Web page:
Scot McKnight

I hope you have enough sense to read this with discerning eyes. But I do find it interesting to see how “emergings” would like themselves described, and how D.A. Carson “missed.”

But, I must say this: if you want to know what the emerging movement is all about, don’t read DA Carson’s book first. Instead, first read Eddie Gibbs and Ryan Bolger, Emerging Churches: Creating Christian Community in Postmodern Cultures (Baker, 2005). Why? As I said before, the courteous thing to do is to let the movement speak for itself. Which is exactly what Gibbs-Bolger do. They show the center of the movement is about ecclesiology not epistemology. (Emphasis His)

This, in my opinion, (as the author earlier acknowledges) is a false distinction.

Also, I’m only through the first two “Emerging rivers” and I must say I’ve found quite a bit more in the second that I like, than the first. In fact there are subtly in the first some things I hate.

14 thoughts on “Scot McKnight”

  1. Whoa! Where to begin? Rather than launching my thoughts into this discussion, I’ll wait to see what direction this takes. For now I’ll limit myself to one comment. The distinction between “emerging” and “emergent” may have existed from the beginning of the movement, but it was not publicly emphatic until this summer. I have heard several EM leaders call the terms synonyms. Therefore, to accuse Carson of failing to distinguish emergent from emerging is anachronistic. A personal note: I think this is a worthwhile conversation for all of us to engage in. Please join in!

  2. I’ll bite…When someone calls this movement an ecclesiastical one they are speaking a sort of short hand to say “the branch of theology which we are focusing on is “the church,” in particular, the practical ramifications of how the church does ministry in a setting where to one extent or another it permit postmodern assumptions.”So that’s my first complaint. Even if they want to think it’s an ecclesiastical movement, it’s both ecclesiastical and epistomological.

  3. I totally agree! What did you like in his second river, praxis? By the way, although my analysis was written last September (2005), I broke down the four common threads of the ECM very similarly to McKnight. Maybe I wasn’t as crazy as people thought!

  4. I think I appreciate the sentiment more than anything, the first page of the “2nd river.” I think the whole Padgit body shape thing is creative. I like the idea Keller talks about as being an “obob,” (one who holds to objective morality with the diversity and liberalism of the “bohemians”) the opposite of a “bobo” (a moral relativist with the cultural materialism of the bourgeois). I want to sell my ipod and hang on the east side… I really think that propositionally the church can be pure but prove its impurity by how crooked it is in its practice (the natural outflow of doctrine). So I guess I’m a “crunchy-con.” He loses me here: On top of this, some are quite fond of reminding us that Jesus didn’t offer a doctrinal statement but a way of life, and that he called people to follow him and not just to get their theology right. Apparently from what he says later he meant to write this: “and that he called people to follow him and not to get their theology right.”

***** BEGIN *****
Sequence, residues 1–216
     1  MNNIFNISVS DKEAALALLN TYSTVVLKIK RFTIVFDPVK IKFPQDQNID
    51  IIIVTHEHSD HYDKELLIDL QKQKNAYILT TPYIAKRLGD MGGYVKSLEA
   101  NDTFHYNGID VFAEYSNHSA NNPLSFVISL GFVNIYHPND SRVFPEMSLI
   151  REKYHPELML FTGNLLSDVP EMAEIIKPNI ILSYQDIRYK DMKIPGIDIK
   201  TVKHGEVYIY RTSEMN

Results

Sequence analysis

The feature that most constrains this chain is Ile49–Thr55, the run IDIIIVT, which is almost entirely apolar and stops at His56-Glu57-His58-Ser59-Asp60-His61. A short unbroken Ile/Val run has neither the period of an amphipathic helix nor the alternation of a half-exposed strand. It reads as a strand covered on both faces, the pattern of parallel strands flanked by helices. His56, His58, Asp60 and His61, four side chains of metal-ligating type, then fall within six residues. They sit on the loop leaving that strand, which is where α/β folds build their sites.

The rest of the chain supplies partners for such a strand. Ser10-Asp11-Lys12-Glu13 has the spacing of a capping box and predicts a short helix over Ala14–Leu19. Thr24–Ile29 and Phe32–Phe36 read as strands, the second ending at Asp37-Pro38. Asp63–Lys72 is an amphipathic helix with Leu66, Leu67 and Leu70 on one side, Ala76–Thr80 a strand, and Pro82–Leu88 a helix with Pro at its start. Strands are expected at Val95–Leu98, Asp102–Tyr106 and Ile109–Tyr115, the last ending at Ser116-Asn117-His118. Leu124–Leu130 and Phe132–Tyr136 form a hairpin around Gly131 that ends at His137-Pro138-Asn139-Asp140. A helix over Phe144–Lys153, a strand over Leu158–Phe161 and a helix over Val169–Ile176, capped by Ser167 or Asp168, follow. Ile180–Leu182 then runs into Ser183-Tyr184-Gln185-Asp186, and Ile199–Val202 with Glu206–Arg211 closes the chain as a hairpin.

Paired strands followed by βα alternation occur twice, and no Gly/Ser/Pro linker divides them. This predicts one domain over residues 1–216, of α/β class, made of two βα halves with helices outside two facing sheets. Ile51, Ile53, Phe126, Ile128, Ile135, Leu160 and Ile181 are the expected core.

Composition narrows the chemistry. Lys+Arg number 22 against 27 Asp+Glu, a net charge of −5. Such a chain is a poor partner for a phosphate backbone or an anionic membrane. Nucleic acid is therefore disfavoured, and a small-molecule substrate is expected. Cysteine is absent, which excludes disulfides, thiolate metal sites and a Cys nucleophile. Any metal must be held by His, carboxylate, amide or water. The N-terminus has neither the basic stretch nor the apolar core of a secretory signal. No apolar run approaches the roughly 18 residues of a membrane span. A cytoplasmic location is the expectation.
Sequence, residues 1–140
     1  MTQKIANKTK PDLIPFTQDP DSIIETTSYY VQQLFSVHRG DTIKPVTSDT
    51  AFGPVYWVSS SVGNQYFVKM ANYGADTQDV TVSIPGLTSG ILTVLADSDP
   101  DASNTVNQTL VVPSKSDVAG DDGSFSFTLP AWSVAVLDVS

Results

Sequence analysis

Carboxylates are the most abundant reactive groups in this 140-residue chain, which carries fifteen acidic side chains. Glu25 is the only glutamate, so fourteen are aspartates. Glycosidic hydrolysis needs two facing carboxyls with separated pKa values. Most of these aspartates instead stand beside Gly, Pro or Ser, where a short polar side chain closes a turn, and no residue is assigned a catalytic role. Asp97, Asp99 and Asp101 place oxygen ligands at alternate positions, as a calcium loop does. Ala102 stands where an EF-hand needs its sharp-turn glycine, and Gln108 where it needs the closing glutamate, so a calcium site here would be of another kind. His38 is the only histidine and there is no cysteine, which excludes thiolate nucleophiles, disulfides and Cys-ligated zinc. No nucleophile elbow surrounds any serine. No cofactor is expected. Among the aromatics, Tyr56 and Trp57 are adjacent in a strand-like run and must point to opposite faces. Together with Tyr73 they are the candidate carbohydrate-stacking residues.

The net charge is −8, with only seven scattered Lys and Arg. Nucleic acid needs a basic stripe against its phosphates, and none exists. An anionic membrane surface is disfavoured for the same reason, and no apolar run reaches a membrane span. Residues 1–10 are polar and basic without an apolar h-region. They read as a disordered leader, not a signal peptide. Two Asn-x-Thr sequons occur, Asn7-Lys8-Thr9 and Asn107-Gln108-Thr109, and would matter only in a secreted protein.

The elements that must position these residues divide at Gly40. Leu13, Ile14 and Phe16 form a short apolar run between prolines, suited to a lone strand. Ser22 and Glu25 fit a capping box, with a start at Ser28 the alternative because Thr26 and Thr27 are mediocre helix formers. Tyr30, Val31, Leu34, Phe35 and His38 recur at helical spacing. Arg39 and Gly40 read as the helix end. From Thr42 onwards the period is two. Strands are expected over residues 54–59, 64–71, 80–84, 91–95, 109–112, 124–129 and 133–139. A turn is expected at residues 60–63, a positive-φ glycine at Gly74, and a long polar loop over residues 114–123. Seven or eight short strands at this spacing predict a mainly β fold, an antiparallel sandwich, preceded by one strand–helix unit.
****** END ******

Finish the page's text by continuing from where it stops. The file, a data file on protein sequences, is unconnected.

5. Zach, so that you know where I’m coming from with the diversity thing, this is what I’m reacting against. http://www.remonstrans.netThere is a strain of cultural elistist conservatives that distain what they would call “banality.” My fear is that in applying Platonic views of beauty and quality they contradict the diverse nature of what I see as true Christianity (every tribe, every tongue). That’s why that Seerveld article was important to me.

  6. I went home at 4 yesterday, thus the delayed response. I’d like to respond to some of your comments one by one. First, I believe that the praxis river is central to the emerging church, therefore it has most red flags for me. This is also where I placed the emphasis of my study last year. Second, I have visited Solomon’s Porch and “met” Doug Pagitt. Solomon’s Porch and Pagitt are the far, far left of the emerging church. Space and time won’t permit me to explain it all, but I’d steer clear of him. This is not to say that the body has no place in worship, but Pagitt’s reasoning and implementation are problematic, to say the least.

  7. yeah, probably 2 or so… 🙂 seriously, I have no idea. I think we’d spend most of our time explaining what it is. But even that would be beneficial I think.

  8. 40 words… I don’t think I can. McKnight uses four words to describe praxis that all need separate treatment. But here’s my attempt to summarize my problem. McKnight said, “praxis shapes theology.” This is classic emerging philosophy. McKnight deemphasizes (or eliminates) the role of orthodoxy in orthopraxy. But McKnight is the first person I have EVER read who said that “theology shapes praxis.” Statements like that are usually called modern, emperical, and flat-out denied by emerging leaders. Gotta go…

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